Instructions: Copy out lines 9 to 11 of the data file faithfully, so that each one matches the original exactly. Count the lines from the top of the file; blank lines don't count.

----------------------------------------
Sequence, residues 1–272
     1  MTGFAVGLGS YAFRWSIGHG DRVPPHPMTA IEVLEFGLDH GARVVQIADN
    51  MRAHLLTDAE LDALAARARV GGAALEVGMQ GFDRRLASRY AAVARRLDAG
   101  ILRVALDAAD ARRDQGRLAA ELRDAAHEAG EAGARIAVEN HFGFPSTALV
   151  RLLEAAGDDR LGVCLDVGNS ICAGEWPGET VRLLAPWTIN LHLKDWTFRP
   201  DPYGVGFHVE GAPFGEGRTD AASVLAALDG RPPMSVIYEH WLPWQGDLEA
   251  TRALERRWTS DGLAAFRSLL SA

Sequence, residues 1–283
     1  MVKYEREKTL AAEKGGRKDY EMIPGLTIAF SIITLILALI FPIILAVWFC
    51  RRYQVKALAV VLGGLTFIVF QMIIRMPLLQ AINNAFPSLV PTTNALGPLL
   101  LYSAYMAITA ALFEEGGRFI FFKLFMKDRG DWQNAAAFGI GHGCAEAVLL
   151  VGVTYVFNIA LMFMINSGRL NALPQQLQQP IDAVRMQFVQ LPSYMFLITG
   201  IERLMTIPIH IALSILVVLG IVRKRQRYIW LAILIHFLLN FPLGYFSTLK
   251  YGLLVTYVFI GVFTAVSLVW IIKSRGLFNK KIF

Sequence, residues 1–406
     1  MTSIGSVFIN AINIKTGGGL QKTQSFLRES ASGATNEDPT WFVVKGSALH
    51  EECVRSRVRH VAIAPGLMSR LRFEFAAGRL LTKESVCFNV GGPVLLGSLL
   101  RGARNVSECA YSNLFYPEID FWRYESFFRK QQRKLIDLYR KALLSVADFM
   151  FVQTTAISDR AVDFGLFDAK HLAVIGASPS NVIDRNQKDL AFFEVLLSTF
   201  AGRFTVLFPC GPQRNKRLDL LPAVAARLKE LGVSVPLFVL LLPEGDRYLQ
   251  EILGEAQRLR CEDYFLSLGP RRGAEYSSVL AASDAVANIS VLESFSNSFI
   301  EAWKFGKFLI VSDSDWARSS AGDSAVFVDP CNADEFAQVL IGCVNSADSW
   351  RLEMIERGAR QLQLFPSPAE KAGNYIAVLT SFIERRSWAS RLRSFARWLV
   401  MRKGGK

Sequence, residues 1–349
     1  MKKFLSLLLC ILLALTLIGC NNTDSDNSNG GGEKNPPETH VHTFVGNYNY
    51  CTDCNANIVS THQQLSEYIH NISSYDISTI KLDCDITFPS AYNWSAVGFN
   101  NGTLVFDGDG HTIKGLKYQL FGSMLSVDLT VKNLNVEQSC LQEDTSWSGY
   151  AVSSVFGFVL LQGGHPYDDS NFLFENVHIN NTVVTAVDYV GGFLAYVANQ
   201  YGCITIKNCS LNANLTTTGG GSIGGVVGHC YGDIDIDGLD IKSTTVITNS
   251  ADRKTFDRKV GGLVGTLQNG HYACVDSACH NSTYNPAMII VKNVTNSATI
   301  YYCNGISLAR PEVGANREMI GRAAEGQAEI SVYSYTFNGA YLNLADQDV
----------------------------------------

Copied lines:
     1  MVKYEREKTL AAEKGGRKDY EMIPGLTIAF SIITLILALI FPIILAVWFC
    51  RRYQVKALAV VLGGLTFIVF QMIIRMPLLQ AINNAFPSLV PTTNALGPLL
   101  LYSAYMAITA ALFEEGGRFI FFKLFMKDRG DWQNAAAFGI GHGCAEAVLL